The role of quantitative easing has evolved. In 2008 QE was introduced to avert a solvency crisis, while present-day QE is more about stimulating activity.
The fact is that the purchase of assets in the QE programme undertaken by the G4 central banks – the Bank of England, Bank of Japan, Federal Reserve and European Central Bank – has caused their asset holdings to jump from 8 per cent to 15 per cent since 2013, see Chart 1.
However it is evident that QE has had a limited impact on the real economy as job creation and gross domestic product (Chart 2) struggled to accelerate. This suggests that in essence wealth effects have been the main impact on the real economy which has led to increased income inequality in the economy since 2008.
In June Ben Bernanke, chairman of the Fed, said economic and job market improvement could lead to a gradual tapering down of the bond purchases later this year. He then stated it was Fed policy to enact tapering later in the year.
In response to these comments 10-year US Treasury bond yields rose to a high of 3 per cent in September 2013. However the Fed then surprised everyone by not tapering in September, with suggestions that the pending government shutdown was a major factor in the decision. Subsequent quotes from Fed members were illuminating regarding their view of the impact of QE on the economy. Here are some examples:
Narayana Kocherlakota: “Reducing the flow of purchases in the near term would be a drag on the already slow rate of progress of the economy toward the committee’s goals.”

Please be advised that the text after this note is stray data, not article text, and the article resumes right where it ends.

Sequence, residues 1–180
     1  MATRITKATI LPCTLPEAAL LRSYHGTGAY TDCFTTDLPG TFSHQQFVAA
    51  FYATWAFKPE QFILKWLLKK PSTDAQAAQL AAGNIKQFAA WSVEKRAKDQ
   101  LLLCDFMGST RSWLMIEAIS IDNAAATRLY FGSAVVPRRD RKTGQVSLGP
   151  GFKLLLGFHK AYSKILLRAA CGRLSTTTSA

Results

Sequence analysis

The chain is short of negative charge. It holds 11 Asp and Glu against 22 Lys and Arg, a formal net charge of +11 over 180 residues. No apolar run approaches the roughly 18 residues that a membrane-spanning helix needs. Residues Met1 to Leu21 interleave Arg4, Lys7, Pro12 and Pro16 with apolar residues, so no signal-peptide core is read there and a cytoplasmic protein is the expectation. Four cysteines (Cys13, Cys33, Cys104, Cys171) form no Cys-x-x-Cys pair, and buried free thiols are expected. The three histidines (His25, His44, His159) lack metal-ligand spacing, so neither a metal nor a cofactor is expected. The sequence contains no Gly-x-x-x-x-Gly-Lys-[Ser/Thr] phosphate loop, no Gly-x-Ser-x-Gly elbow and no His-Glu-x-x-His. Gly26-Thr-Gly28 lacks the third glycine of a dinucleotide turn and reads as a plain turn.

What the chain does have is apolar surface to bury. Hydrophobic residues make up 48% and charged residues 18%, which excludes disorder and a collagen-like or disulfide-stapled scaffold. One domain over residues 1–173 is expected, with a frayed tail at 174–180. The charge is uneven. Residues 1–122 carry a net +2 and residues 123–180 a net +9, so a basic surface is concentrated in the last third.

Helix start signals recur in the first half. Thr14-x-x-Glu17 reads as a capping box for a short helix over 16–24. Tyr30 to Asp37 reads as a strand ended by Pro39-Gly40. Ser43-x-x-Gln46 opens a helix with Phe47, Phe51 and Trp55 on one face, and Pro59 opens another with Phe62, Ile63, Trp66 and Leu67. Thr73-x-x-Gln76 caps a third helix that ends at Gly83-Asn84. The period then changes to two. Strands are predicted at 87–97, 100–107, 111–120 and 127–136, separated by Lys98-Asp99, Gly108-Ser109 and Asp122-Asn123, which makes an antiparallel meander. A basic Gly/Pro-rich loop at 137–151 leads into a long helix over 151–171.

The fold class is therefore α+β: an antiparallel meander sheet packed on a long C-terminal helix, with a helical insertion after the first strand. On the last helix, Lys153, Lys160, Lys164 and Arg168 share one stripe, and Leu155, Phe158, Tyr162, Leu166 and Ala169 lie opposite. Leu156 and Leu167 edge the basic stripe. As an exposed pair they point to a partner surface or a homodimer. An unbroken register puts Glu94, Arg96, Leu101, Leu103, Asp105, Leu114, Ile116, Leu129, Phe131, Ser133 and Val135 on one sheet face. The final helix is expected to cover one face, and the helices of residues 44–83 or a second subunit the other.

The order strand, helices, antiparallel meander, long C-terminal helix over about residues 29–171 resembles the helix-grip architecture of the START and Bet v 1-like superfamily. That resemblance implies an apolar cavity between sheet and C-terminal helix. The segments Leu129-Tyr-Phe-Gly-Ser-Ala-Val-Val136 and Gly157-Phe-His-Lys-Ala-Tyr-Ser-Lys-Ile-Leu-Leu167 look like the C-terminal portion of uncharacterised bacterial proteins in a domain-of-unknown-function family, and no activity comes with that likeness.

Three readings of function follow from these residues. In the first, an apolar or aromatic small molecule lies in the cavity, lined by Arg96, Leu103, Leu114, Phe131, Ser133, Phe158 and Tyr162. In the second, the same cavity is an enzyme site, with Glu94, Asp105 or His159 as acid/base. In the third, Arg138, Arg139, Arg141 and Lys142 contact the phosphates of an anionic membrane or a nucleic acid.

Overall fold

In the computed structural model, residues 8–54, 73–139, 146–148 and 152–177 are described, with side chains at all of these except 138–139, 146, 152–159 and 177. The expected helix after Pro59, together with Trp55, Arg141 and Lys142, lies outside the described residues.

Eric Rosengren: “I think one of the considerations we have to have is how sustainable the improvement in labour markets is. And that partly depends on how fast our economy’s growing. … We need to see growth much closer to 3 per cent than 2 per cent.”
Dennis Lockhart: “We are far from our mandated statutory goals. The economy remains weak.”
James Bullard: “I would like to see inflation coming back toward target before we make a decision to taper.
Charles Plosser: “We missed an excellent opportunity to begin this tapering process in September. This illustrates just how difficult it is going to be to wean ourselves off the extraordinary process of increasing accommodation we have embarked upon and begin to normalise monetary policy in a timely manner.”
The battle between the doves and the hawks is clear. It was seen as a missed opportunity for the hawks who had spent much time in preparing the markets for tapering. They would argue that QE was part of the problem, crowding out private investment by preventing the uncompetitive companies from facing up to their inefficiencies.
Meanwhile the doves suggested that without QE there would be reduced activity in the economy, and that at present the economy was still very weak on unemployment and output readings. They also argue that without inflation pressures there was little to fear by keeping the proverbial printing presses going. They also suggested that the efficacy of QE was failing with the surprise factor being eroded with each subsequent QE programme.